Psychogenic nonepileptic seizures (PNES) represent a heterogeneous entity associated with poor long-term outcome in terms of PNES cessation.
PNES cessation is associated with improved quality of life and financial independency.
Older age at onset, depressive disorders (especially in late-onset PNES), anxiety, and comorbid epilepsy are associated with PNES activity and seem to represent distinct etiological mechanisms.
Outpatient care is poor in general.
“Natural” course of disease activity after diagnosis in patients with PNES cessation (figure):
Clinical characteristics, outpatient situation, and outcome in patients with psychogenic nonepileptic seizures (PNES) remain to be elucidated.
Patients diagnosed with PNES after video-electroencephalography (EEG) monitoring (VEM) 03/2000–01/2016 at the Erlangen Epilepsy Center were surveyed between June 2016 and February 2017. Primary outcome was PNES cessation defined as no PNES episodes within > = 12 months prior to the interview. Secondary outcome variables included quality of life (QoL) and dependency. Sensitivity analysis included patients with proven PNES during VEM without comorbid epilepsy.
Ninety-nine patients were included (median age 38 (interquartile range (IQR 29–52)) years; 68 (69%) females, follow-up 4 (IQR 2.1–7.7) years). Twenty-eight (28%) patients suffered from comorbid epilepsy. Twenty-five (25%) patients reported PNES cessation. Older age at symptom onset (odds ratio (OR) related to PNES cessation: 0.95 (95% CI 0.90–0.99)), comorbid epilepsy (OR 0.16 (95% CI 0.03–0.83)), anxiety disorder (OR 0.15 (95% CI 0.04–0.61)), and tongue biting (OR 0.22 (95% CI 0.03–0.91)) remained independently associated with ongoing PNES activity after adjustment. Sensitivity analysis (n = 63) revealed depressive disorder (OR 0.03 (95% CI 0.003–0.34)) instead of anxiety as independent predictor, while this seemed relevant only in patients older than 26 years at onset (OR 0.04 (95% CI 0.002–0.78) versus OR 0.21 (95% CI 0.02–1.84) in patients younger than 26 years). PNES cessation was associated with increased median QoL (8 (IQR 7–9) versus 5.5 (IQR 4–7); p < .001) and an increased frequency of financial independency (14 (56%) versus 21 (28%); p = .01).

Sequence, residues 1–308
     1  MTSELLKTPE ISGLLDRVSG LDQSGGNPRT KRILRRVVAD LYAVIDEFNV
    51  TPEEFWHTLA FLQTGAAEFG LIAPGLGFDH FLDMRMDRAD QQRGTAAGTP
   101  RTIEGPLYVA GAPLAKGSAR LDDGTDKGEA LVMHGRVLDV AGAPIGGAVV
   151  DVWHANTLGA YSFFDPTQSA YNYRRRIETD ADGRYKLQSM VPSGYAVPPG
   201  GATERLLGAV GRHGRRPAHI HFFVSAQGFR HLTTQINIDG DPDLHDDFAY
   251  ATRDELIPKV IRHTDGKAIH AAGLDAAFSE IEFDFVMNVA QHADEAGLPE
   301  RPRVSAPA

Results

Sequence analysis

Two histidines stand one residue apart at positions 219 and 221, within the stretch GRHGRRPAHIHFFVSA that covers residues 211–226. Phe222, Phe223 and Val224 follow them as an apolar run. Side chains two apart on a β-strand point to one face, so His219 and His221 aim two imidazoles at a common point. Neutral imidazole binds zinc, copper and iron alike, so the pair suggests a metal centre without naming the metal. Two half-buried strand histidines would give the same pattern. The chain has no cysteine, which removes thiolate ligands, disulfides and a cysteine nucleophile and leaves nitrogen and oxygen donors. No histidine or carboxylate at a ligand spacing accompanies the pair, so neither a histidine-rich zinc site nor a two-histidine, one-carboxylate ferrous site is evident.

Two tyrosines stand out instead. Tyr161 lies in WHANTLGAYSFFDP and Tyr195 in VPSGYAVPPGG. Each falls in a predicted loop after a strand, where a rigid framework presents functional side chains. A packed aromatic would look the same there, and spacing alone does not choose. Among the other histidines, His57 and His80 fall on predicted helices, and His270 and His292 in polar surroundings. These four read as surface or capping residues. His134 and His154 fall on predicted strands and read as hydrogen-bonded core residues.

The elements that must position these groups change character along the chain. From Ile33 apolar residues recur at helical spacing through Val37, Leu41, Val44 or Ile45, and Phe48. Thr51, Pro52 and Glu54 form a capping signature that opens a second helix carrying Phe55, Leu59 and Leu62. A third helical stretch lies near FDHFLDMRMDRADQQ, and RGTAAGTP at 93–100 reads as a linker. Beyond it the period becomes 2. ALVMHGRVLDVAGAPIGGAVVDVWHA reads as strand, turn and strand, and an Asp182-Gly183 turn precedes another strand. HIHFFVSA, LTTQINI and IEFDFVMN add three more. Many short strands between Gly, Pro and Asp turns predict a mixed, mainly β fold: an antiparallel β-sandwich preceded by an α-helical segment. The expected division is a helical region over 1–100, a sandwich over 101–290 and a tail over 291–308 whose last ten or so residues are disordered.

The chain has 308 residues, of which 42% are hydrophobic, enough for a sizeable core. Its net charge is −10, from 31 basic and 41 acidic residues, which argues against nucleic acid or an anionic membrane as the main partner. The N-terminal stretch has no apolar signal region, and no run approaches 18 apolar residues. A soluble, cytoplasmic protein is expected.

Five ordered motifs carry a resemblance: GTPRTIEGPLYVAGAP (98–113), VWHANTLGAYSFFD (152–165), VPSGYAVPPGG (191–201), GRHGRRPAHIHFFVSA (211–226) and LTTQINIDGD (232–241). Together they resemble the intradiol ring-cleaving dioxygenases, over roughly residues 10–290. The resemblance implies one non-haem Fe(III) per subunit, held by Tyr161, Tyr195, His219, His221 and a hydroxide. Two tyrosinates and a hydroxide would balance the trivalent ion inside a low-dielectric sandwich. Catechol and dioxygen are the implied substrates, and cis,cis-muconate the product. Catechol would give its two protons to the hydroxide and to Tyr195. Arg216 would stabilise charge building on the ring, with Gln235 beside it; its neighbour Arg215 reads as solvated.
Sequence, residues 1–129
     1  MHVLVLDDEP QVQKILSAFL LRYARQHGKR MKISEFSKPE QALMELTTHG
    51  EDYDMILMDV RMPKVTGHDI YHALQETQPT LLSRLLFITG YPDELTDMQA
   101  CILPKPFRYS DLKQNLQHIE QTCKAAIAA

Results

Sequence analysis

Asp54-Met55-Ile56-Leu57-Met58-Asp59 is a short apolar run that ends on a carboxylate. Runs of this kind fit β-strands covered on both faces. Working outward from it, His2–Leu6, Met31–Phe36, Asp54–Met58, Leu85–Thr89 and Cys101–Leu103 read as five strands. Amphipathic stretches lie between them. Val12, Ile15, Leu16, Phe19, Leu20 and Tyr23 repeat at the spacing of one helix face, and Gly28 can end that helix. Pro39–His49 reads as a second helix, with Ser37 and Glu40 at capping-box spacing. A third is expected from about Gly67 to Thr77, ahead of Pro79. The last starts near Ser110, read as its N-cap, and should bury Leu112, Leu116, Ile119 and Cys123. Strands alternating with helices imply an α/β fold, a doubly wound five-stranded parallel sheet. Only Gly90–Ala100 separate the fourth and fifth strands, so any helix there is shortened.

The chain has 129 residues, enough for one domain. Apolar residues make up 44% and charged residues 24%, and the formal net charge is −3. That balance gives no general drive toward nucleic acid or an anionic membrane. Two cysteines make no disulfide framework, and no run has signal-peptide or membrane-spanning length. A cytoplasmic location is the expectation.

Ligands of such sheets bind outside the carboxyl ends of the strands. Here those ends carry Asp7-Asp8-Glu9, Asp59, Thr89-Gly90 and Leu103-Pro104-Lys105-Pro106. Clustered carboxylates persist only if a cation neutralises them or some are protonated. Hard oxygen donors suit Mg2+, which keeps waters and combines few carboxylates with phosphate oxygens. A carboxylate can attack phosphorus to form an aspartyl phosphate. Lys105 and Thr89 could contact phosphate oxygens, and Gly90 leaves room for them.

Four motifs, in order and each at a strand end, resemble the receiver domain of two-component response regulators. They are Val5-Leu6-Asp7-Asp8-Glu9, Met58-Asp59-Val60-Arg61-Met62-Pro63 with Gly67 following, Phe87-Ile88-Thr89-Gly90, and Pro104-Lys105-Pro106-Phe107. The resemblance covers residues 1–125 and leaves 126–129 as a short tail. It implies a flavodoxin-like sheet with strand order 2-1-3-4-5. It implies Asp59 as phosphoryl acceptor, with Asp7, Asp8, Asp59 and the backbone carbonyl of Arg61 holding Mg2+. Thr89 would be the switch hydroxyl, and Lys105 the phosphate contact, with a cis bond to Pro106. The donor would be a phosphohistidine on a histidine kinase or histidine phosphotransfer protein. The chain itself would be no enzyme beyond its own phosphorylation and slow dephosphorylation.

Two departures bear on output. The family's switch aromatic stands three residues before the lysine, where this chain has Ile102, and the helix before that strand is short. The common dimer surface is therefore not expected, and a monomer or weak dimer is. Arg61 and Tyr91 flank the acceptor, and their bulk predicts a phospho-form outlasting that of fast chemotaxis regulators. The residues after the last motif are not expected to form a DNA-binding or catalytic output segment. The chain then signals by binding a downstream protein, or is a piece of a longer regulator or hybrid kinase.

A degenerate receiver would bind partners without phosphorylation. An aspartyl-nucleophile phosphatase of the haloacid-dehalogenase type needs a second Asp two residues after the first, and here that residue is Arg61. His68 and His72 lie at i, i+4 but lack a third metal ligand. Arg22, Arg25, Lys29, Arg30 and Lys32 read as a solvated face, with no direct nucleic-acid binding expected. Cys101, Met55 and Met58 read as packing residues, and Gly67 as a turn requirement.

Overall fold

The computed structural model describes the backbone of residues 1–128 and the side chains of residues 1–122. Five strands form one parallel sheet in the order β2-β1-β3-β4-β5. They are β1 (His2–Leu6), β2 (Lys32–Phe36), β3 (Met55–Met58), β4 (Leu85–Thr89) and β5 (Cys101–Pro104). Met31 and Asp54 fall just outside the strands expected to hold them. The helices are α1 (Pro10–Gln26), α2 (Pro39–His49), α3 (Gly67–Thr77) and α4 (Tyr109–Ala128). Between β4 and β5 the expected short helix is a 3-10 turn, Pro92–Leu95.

We found poor outcomes in PNES especially in older patients at onset with comorbid depressive disorder. Comorbid epilepsy also seems to be a major risk factor of ongoing PNES activity, which in turn affects patients’ daily living.